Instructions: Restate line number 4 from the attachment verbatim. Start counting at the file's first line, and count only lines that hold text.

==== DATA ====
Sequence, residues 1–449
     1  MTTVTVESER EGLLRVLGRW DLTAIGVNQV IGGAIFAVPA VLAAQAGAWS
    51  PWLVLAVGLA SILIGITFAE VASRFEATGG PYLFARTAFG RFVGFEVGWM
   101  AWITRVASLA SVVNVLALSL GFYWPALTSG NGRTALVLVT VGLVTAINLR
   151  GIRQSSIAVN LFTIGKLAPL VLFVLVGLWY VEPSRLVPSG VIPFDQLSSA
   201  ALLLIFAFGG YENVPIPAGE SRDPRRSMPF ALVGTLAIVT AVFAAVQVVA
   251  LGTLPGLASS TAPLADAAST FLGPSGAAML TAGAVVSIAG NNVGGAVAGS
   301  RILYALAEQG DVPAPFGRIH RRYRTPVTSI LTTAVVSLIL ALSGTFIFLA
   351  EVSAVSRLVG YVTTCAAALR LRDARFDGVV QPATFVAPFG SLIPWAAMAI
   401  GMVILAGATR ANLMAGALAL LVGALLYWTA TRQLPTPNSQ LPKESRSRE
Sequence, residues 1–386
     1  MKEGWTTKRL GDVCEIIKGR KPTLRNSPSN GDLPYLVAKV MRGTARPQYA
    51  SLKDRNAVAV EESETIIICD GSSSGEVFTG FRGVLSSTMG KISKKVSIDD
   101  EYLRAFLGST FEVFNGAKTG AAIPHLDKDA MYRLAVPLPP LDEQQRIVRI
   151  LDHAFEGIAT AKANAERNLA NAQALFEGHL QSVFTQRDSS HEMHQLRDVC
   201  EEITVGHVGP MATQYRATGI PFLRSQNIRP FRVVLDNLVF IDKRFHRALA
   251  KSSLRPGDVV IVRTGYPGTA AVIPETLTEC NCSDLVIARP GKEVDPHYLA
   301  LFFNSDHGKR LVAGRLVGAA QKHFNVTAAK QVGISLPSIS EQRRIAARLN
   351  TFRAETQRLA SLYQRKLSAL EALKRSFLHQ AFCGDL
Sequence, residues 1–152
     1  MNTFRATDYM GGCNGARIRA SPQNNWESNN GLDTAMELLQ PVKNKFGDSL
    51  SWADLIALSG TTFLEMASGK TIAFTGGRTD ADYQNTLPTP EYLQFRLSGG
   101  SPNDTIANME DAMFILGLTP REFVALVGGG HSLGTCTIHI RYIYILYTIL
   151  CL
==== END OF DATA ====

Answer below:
   101  AWITRVASLA SVVNVLALSL GFYWPALTSG NGRTALVLVT VGLVTAINLR